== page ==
glia cell


Dazzling Images of the Brain Created by Neuroscientist-Artist

 The brain has been called the most complex structure in the universe, but it may also be the most beautiful.

Greg Dunn earned a PhD in neuroscience before deciding to become a professional artist. His work captures both the aesthetics and sophistication of this most enigmatic organ. Here are a few of his dazzling creations:1-Cortical Columns, 2-Basket and Pyramidals, 3-Gold Cortex II, 4-Cortical Circuitboard, 5-Brainbow Hippocampus in Blues, 6-Brainbow Hippocampus variations, 7-Glia and Blood Vessels, 8-Glial Flare,  9-Spinal Cord

“There’s no distinction between painting a landscape of a forest and a landscape of the brain.”

The patterns of branching neurons he saw through the microscope reminded him of the aesthetic principles in Asian art, which he had always admired.

While much of Dunn’s work focuses on neurons, his subjects also include other tissue types, such as glia, non-neuronal brain cells that provide support and protection for neurons.(image 7-8)

One of Dunn’s most arresting pieces isn’t of the brain at all, but of a slice of the spinal cord.(image 9)

Through his art, Dunn hopes to give voice to scientists whose work usually isn’t appreciated by the general public, he said. “Art has the power to capture people’s emotions and inspire in a way that a lot of charts and graphs don’t have.”

How Do Biological Theorists Explain Abnormal Behavior?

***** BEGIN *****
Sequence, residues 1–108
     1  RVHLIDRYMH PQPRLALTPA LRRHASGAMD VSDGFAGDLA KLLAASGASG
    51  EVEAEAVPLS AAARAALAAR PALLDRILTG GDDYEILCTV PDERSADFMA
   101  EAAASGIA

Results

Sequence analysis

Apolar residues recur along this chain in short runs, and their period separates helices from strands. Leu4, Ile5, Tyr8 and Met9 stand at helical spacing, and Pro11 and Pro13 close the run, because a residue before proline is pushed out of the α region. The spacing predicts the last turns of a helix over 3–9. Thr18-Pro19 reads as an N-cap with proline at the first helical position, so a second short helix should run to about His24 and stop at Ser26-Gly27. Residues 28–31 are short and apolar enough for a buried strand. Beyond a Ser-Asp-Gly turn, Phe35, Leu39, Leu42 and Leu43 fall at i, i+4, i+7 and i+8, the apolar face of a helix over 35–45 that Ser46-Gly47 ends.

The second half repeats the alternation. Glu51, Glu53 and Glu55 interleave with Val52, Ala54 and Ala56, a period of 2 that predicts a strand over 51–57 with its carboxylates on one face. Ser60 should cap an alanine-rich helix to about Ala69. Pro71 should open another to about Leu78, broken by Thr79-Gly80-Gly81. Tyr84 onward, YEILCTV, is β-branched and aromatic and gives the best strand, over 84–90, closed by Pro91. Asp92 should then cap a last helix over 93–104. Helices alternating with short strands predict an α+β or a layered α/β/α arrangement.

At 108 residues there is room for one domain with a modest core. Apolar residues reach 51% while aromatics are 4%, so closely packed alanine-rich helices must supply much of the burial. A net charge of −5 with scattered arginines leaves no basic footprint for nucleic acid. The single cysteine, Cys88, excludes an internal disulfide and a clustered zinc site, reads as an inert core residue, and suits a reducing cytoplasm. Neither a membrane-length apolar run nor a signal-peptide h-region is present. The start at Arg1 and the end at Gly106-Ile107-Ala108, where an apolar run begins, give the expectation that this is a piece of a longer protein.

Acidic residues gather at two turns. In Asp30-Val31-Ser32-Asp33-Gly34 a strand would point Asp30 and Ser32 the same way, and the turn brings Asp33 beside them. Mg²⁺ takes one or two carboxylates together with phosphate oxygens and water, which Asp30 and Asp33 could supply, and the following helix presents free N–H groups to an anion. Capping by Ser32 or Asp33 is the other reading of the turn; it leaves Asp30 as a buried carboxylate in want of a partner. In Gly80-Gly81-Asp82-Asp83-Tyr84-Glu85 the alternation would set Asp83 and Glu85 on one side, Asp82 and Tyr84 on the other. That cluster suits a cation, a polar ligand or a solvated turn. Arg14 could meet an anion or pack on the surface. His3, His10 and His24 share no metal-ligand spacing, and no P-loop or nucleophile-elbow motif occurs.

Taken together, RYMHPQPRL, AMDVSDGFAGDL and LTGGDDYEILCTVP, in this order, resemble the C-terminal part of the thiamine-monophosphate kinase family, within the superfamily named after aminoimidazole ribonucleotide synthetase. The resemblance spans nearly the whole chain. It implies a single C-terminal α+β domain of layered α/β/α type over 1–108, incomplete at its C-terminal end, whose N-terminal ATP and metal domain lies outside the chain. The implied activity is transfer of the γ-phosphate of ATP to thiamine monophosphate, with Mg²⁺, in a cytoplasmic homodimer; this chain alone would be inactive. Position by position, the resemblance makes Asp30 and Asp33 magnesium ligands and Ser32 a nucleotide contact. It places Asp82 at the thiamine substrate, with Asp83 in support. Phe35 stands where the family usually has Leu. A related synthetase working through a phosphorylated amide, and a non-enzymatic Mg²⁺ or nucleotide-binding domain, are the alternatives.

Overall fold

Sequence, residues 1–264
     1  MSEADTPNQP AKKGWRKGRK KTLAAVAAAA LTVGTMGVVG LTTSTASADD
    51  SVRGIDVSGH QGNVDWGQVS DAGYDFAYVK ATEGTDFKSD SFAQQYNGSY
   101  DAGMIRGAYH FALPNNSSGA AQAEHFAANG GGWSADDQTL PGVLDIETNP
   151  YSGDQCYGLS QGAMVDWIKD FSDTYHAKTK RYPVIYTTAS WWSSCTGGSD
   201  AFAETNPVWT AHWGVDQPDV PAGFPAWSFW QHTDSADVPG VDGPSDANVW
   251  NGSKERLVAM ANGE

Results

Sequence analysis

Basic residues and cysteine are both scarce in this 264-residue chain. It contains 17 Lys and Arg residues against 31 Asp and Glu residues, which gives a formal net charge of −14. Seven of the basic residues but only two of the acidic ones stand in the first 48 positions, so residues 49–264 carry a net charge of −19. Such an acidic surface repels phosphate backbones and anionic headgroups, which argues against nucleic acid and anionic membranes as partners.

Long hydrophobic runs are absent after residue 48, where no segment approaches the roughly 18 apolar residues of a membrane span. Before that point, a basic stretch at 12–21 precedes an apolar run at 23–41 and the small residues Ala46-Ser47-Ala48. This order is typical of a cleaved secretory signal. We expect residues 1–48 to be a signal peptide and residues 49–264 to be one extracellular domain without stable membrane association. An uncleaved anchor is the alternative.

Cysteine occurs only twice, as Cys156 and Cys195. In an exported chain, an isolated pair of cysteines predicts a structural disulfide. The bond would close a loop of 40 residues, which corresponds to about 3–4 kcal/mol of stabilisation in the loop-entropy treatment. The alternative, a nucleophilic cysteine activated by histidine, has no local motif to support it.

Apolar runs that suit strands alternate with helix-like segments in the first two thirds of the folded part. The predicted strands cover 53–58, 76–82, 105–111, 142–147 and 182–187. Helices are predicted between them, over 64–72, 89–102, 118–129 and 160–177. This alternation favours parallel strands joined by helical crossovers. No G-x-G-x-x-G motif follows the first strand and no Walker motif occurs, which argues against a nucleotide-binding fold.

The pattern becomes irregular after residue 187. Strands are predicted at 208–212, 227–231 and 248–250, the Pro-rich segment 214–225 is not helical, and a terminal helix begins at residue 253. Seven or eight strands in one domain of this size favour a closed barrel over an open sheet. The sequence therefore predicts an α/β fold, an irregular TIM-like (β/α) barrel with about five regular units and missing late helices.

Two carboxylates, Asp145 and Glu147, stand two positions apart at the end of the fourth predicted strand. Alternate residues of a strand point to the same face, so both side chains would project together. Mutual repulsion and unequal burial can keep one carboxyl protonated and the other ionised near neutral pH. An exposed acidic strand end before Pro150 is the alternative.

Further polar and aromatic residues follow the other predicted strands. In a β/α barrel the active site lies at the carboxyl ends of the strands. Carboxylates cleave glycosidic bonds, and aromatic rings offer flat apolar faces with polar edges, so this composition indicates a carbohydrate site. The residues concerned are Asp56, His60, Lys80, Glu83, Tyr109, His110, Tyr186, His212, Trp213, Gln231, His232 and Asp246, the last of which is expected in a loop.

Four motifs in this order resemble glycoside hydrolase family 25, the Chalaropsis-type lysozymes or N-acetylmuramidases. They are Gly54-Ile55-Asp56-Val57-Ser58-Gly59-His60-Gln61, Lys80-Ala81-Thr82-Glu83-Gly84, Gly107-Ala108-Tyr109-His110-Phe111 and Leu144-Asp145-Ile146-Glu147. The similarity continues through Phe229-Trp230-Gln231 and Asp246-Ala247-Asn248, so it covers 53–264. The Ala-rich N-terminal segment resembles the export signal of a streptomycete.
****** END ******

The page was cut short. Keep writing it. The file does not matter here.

Biological theorists view abnormal behavior as an illness brought about by malfunctioning parts of the organism. They typically point to problems in brain anatomy or brain chemistry as the cause of the problem.

- Brain Anatomy and Abnormal Behavior - 
The brain is made up of approximately 100 billion nerve cells, called neurons, and thousands of billions of support cells, called glia. Within the brain, large groups of neurons form distinct brain areas, one of which is known as the cerebrum. The cerebrum includes the cortex, corpus callosum, basal ganglia, hippocampus, and amygdala. Each of these brain regions control important functions:
• The cortex is the outer layer of the brain.
• The corpus callosum connects the brain’s two cerebral hemispheres.
• The basal ganglia plays a crucial role in planning and producing movement.
• The hippocampus helps regulate emotions and memory.
• The amygdala plays a key role in emotional memory. 
Researchers have found links between certain psychological disorders and problems in specific areas of the brain. One disorder is Huntington’s disease, which is a disorder marked by violent emotional outbursts, memory loss, suicidal thinking, involuntary body movements, and absurd beliefs. It has been traced to a loss of cells in the basal ganglia and cortex. 

- Brain Chemistry and Abnormal Behavior -